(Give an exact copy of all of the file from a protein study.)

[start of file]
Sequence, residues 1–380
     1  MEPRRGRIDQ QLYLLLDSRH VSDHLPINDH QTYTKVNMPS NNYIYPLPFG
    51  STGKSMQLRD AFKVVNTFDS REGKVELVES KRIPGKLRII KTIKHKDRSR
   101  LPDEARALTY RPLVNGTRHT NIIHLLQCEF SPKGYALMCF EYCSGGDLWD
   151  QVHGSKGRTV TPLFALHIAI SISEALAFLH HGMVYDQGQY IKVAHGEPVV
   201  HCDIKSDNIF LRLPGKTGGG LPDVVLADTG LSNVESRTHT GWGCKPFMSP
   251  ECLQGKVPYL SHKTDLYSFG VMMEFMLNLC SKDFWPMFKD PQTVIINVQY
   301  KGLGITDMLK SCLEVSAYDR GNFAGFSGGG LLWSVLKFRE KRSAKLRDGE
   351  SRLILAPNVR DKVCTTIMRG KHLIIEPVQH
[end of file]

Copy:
Sequence, residues 1–380
     1  MEPRRGRIDQ QLYLLLDSRH VSDHLPINDH QTYTKVNMPS NNYIYPLPFG
    51  STGKSMQLRD AFKVVNTFDS REGKVELVES KRIPGKLRII KTIKHKDRSR
   101  LPDEARALTY RPLVNGTRHT NIIHLLQCEF SPKGYALMCF EYCSGGDLWD
   151  QVHGSKGRTV TPLFALHIAI SISEALAFLH HGMVYDQGQY IKVAHGEPVV
   201  HCDIKSDNIF LRLPGKTGGG LPDVVLADTG LSNVESRTHT GWGCKPFMSP
   251  ECLQGKVPYL SHKTDLYSFG VMMEFMLNLC SKDFWPMFKD PQTVIINVQY
   301  KGLGITDMLK SCLEVSAYDR GNFAGFSGGG LLWSVLKFRE KRSAKLRDGE
   351  SRLILAPNVR DKVCTTIMRG KHLIIEPVQH